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Squareness

Age 16 to 18 Challenge Level:

abs(y)+abs(x)=1
This solution was submitted by Curt from Reigate College. Well done Curt.

(1) Explain the features of the graph of the relation $|x|+|y|=1.$

If the above equation is true then neither $|x|$ nor $|y|$ can be greater than 1. If say $1+h =|x| > 1$, we have: $1+h + |y| =1$ and so $|y| = -h < 0$, a contradiction, as $|a|\geq 0$ for any $a$. Therefore, this function is not defined for values of $x$ and $y$ greater than 1.

I now quote without proof the fact that if $|a| = t$ then $a =t$ or $a= -t$. This is useful when applied in this problem.

If $|y| = 1- |x|$ then $y = 1 - |x|$ or $y = -1 + |x|$. If $y = 1- |x|$ then $y= 1 + x$ or $y= 1-x$. Similarly, if $y = -1 + |x|$, then $y=x-1$ or $y=-x-1$.

The graph is the line segments (where $-1< x< 1$ and $-1< y< 1$) given by: $y=1-x$ in the first quadrant; $y=1+x$ in the second quadrant; $y=-1-x$ in the third quadrant and $y=x-1$ in the fourth quadrant.

Editor's note: By symmetry if $(a,b)$ satisfies this relation then so does $$(b,a),\ (-a,b)\ (-b,a)\ (-a,-b),\ (-b,-a),\ (a,-b),\ {\rm and}\ (b,-a)$$ so the graph is the square consisting of the four line segments described.

The line segments are perpendicular and intersect at (0,1), (-1,0) (0,-1) and (1,0). The square shape with vertices at the above co-ordinates, has symmetry in $y=x$, $y= -x$, $y=0$ and $x=0$. I refer to this as a graph, not a function, due to one-to-many relation.

2) As $n/(n+1)$ can be written as $1/(1+1/n)$, by dividing both numerator and denominator by $n$ we consider: $$\eqalign{ \left(1+{1\over n}\right)^n &= 1 + n\left({1\over n}\right) + {n(n-1)\over 2}\left({1\over n}\right)^2 + \ldots \cr &= 2 + \ldots \geq 2 > 1 .}$$ Taking the nth root $$1+ {1\over n} \geq 2^{1/n} > 1^{1/n} =1$$ Hence $$ {1\over(1+1/n)}={n\over(n+1)} \leq {1\over 2^{1/n}} < 1.$$

(3) Taking the simple case $x^2 + y^2 = 1$ (the circle), and considering the first quadrant, it will be shown that $y$ decreases as $x$ increases. As this is in the first quadrant, the positive root alone is considered: $y = (1-x^2)^{1/2}.$ As $x$ increases to a maximum value of 1 on the interval $0 \leq x \leq 1$ so $x^2$ increases monotonically and $f(x)=1-x^2$ decreases monotonically (to confirm, check f'(x)=-2x).

If we have $f(x_1)> f(x_2)$ (with $x_1< x_2$), then taking the positive square root of both sides, we have ${f(x_1)}^{1/2} > {f(x_2)}^{1/2}$. So as $x$ increases, $y$ decreases.

This same method could be extended to all values of $n$. For $g(x) = 1-x^n$ then $g(x+h)< g(x)$ for $h> 0$ because $x^n$ increases monotonically on the interval $0< x< 1$. Clearly, if $x_1< x_2 $ then $x_1^n< x_2^n$ so $1-x_1^n> 1-x_2^n$ and hence $g(x_1)> g(x_2)$. Taking the positive nth root of both sides, we get: $y_1 = {g(x_1)}^{1/n}> {g(x_2)}^{1/n}=y_2$. So $y_1 > y_2$ for $x_1 < x_2$ ; hence as $x$ increases in the first quadrant, $y$ decreases.

Editor's note: Alternatively we can use calculus to prove this. Fixing one value of $n$ in $x^n+y^n=1$: $$\eqalign{ y^n &= 1-x^n \cr ny^{n-1}{dy\over dx} &= -nx^{n-1}\cr {dy\over dx}&= -{x^{n-1}\over y^{n-1}} < 0.}$$ As $x$ and $y$ are positive in the first quadrant we see that the derivative is negative which shows that $y$ decreases as $x$ increases.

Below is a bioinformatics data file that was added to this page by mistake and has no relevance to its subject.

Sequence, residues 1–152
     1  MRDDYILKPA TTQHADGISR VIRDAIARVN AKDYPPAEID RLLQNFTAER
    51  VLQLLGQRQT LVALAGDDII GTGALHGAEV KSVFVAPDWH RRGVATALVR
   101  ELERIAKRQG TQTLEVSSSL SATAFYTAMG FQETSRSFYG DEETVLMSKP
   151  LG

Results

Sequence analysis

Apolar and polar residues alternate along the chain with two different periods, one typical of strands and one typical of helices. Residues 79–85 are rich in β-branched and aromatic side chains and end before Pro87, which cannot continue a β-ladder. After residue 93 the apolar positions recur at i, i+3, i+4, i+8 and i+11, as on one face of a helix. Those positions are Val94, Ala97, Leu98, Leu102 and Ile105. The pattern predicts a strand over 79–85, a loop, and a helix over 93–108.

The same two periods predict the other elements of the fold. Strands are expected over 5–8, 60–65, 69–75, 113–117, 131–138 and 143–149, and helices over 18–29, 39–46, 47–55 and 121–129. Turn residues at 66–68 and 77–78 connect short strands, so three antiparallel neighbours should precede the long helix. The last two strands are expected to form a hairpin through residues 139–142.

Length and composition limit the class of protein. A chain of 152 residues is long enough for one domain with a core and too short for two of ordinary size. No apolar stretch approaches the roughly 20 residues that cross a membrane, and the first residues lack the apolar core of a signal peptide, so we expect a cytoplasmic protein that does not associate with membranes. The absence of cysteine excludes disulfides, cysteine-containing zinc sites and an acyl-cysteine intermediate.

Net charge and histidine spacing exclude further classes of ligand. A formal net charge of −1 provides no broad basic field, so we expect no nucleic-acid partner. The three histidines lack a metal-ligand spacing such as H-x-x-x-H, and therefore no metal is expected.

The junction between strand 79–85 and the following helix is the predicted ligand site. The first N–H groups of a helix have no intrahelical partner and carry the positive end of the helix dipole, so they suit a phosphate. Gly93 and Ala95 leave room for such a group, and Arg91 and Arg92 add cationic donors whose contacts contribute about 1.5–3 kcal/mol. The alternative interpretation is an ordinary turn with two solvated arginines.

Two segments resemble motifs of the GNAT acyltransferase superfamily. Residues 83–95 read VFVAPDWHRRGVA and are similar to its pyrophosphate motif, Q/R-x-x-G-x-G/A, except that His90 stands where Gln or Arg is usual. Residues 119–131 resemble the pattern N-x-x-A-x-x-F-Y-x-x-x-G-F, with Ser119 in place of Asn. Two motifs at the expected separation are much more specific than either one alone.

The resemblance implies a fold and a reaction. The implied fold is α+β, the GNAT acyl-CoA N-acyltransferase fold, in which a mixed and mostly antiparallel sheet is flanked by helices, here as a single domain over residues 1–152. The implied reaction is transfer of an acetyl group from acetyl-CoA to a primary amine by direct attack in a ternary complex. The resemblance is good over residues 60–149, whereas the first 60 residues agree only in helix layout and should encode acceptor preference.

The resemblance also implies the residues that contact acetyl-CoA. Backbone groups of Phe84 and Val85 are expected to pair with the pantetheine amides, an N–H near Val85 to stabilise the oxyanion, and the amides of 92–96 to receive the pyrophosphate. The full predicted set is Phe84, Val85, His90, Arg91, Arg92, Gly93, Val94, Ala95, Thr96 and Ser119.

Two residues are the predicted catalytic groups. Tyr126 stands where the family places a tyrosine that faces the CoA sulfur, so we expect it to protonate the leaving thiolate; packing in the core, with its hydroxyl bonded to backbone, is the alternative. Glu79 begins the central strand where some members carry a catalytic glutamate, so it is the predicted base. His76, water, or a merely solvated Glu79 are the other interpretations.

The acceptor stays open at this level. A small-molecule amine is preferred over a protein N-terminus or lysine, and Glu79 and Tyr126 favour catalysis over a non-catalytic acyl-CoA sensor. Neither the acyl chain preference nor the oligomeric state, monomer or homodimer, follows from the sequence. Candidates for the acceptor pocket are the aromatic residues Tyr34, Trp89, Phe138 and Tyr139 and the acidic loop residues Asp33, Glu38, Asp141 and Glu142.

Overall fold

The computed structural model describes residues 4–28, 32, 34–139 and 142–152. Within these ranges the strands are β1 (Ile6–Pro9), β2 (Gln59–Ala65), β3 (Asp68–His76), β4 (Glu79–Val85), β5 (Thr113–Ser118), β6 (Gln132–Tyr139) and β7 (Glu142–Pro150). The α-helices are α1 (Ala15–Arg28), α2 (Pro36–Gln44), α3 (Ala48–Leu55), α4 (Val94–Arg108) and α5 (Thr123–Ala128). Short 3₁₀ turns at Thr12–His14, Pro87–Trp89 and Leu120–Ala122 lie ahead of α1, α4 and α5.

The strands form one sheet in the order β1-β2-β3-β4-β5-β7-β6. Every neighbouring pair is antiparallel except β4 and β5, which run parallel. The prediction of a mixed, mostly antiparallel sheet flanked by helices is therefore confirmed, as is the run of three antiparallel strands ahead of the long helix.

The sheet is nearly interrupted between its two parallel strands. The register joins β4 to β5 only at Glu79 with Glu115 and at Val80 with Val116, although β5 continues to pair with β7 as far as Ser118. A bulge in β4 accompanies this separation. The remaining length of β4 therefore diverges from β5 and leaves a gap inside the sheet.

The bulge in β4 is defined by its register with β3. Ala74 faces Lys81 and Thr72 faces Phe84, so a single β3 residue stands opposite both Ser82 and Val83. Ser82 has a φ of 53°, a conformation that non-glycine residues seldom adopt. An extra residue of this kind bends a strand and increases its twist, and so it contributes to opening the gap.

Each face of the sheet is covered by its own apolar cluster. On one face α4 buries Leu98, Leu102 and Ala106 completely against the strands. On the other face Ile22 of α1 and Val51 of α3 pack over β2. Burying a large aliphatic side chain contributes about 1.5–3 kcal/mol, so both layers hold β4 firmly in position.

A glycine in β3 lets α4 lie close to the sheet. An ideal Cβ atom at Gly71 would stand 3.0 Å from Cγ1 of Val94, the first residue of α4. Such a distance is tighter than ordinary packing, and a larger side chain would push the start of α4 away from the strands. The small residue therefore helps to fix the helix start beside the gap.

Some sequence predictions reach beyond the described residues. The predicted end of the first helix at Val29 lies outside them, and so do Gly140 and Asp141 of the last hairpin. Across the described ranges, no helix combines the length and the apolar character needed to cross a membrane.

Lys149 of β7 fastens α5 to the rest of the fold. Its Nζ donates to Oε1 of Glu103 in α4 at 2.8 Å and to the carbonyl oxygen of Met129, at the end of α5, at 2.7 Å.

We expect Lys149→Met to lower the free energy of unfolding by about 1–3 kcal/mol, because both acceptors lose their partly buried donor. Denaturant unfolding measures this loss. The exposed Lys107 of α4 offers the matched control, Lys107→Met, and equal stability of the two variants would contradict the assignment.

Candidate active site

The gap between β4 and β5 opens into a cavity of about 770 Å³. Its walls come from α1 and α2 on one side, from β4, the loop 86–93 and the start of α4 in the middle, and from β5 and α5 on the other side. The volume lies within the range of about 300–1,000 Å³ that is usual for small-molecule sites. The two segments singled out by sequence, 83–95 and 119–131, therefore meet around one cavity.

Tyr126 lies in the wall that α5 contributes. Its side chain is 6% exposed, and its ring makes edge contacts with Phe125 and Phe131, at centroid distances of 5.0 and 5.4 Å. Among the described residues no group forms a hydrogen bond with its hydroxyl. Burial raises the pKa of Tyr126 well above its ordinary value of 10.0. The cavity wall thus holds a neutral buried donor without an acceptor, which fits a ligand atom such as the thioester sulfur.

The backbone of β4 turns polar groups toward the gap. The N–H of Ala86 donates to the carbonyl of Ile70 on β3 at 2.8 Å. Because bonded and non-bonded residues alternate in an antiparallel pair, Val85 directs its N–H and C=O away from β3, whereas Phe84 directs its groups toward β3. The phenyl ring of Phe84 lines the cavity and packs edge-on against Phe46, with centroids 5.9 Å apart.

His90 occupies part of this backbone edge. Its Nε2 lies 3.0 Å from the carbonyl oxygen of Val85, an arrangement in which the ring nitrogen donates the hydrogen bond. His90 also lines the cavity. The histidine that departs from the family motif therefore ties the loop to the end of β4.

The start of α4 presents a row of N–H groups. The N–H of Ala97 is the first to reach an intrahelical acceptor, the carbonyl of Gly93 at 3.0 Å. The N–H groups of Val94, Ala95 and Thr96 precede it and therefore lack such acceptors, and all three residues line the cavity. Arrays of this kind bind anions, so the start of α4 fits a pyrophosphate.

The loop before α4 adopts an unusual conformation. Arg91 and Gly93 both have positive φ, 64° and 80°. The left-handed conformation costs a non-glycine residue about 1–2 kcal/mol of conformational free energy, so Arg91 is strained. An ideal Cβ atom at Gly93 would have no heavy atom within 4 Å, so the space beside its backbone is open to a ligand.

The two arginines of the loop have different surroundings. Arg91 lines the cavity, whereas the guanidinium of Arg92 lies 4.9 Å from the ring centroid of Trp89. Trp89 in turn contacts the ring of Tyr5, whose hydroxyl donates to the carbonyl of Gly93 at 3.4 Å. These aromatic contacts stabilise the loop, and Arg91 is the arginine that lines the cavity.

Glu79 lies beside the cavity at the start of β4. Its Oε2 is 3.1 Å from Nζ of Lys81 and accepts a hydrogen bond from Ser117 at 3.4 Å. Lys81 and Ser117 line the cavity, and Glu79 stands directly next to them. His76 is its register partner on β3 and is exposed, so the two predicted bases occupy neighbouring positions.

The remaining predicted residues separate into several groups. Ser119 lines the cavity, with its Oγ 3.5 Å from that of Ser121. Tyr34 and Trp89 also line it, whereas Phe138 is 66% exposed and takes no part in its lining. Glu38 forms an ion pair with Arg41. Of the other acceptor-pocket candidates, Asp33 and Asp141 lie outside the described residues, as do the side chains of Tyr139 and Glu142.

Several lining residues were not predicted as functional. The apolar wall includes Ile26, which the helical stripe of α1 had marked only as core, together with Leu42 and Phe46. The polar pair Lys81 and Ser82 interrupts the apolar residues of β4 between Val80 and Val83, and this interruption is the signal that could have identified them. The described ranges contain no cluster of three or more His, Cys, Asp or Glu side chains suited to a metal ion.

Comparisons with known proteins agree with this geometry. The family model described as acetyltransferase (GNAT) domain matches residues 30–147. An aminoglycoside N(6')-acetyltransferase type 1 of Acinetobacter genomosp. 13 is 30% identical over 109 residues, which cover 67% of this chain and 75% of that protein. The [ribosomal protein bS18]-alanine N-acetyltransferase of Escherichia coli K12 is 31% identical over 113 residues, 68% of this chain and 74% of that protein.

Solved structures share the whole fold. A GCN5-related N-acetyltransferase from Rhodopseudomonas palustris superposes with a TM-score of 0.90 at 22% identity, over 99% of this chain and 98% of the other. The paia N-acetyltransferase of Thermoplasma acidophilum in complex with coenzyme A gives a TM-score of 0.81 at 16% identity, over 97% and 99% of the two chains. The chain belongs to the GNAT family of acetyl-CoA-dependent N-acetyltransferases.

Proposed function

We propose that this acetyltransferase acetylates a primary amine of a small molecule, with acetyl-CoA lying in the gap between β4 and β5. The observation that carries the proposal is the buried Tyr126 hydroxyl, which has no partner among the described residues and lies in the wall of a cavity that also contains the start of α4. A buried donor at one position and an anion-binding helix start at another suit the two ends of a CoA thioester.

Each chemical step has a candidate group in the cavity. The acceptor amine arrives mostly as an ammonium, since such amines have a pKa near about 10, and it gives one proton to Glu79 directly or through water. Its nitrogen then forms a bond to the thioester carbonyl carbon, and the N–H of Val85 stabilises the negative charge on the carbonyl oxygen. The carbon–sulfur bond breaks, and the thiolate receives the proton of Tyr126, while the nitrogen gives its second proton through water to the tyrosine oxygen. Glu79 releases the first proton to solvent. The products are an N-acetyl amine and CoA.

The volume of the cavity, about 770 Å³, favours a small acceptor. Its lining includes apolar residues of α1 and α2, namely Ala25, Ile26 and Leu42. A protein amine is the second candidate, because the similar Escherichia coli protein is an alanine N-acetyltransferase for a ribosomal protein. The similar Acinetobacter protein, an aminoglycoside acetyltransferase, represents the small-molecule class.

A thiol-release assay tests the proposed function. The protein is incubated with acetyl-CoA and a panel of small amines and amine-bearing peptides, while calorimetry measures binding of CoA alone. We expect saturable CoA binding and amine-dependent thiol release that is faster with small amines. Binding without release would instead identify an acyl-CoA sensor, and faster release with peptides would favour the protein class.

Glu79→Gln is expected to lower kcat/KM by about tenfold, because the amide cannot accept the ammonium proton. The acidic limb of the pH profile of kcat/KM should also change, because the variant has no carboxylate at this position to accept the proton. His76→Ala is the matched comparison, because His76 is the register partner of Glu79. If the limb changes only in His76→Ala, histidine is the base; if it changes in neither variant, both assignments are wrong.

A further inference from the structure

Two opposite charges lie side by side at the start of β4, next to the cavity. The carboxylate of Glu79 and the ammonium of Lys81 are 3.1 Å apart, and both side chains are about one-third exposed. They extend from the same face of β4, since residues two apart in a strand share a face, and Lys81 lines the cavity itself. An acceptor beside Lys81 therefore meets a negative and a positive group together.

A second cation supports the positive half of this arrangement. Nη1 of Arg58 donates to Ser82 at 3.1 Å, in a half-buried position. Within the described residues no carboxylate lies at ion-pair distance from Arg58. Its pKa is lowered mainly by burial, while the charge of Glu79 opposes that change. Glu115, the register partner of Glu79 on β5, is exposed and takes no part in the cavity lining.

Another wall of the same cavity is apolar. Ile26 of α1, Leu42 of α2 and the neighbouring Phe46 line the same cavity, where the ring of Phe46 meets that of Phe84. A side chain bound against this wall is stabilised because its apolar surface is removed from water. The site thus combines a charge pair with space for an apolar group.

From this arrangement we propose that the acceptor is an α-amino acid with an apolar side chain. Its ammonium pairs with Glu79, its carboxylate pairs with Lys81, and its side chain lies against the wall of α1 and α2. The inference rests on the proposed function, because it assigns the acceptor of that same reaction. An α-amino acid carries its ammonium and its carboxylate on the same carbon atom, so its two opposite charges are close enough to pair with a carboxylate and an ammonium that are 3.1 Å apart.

When $x=y$, on the general graph $x^n + y^n = 1$ we get $2x^n=1$ so $x=y=1/(2^{1/n})$. From earlier in this question, we have for $n> 1$, $${n\over n+1} < {1\over 2^{1/n}}$$ so $x=y > n/(n+1)$. Therefore, as there is only one solution to $2x^n = 1$ in the first quadrant, the graph should lie outside the square with coordinates: $$(0,0),\ (0, n/(n+1)),\ (n/(n+1), n/(n+1)),\ (n/(n+1),0)$$ In the first quadrant, as $x,y\geq 0$, and on $x^n + y^n = 1$, neither $x$ nor $y$ may be greater than 1, there are no co-ordinates on the curve for which $x,y> 1$. If $x> 1$ then $x^n=1+g$, for $g> 0$ so $y^n=-g$, which is not allowed in the first quadrant. The curve must lie inside (or on at the co-ordinate axes) the square with coordinates (1,0), (0,1), (1,1), (0,0) NB, the curve will touch the square only at vertices (1,0) and (0,1).

x^n+y^n even powers
(4) As $n \to \infty$, $1/(1+1/n) = n/(1+n) \to 1$.

The square which the curve must lie within is fixed (as above). However, as $n$ increases, the square which the curve must lie outside of gets increasingly large. As the curve is squeezed between two squares, its shape becomes increasingly more squared.

For curves where $n$ is even, the curve becomes squeezed in all four quadrants because, by symmetry (exactly as in part (1) of this question) the graph is symmetric about $y=x$, $y=-x$, $y=0$ and about $x=0$.
x^n+y^n=1 odd powers
(5) In the first quadrant the graph of the relation $x^3 + y^3 = 1$ behaves similarly to other graphs where $n$ is even. However, the graph cannot be defined in the third quadrant for $x< 0$ and $y < 0$, for that would lead to the sum of two negative numbers being 1, which is not possible. The function is also defined for $x> 1$, for negative numbers do have real cube roots. If $x^3 = 1+a$ then $y^3 = -a$ and so $y=-a^{1/3}$ and $x = (1+a)^{1/3}$. For large $x$ (large $a$) this shows that $x \approx -y$, therefore the graph reaches an asymptote with $y= -x$. The same thing happens as $x \to -\infty$ in the second quadrant.

The same features occur for the whole family of graphs of $x^n + y^n=1$ for odd $n$.

The graphs of $|x^n| + |y^n| = 1$ for odd $n$ would have the symmetrical squarish shape, reflecting the family of graphs in the first quadrant into the remaining quadrants (see part 1).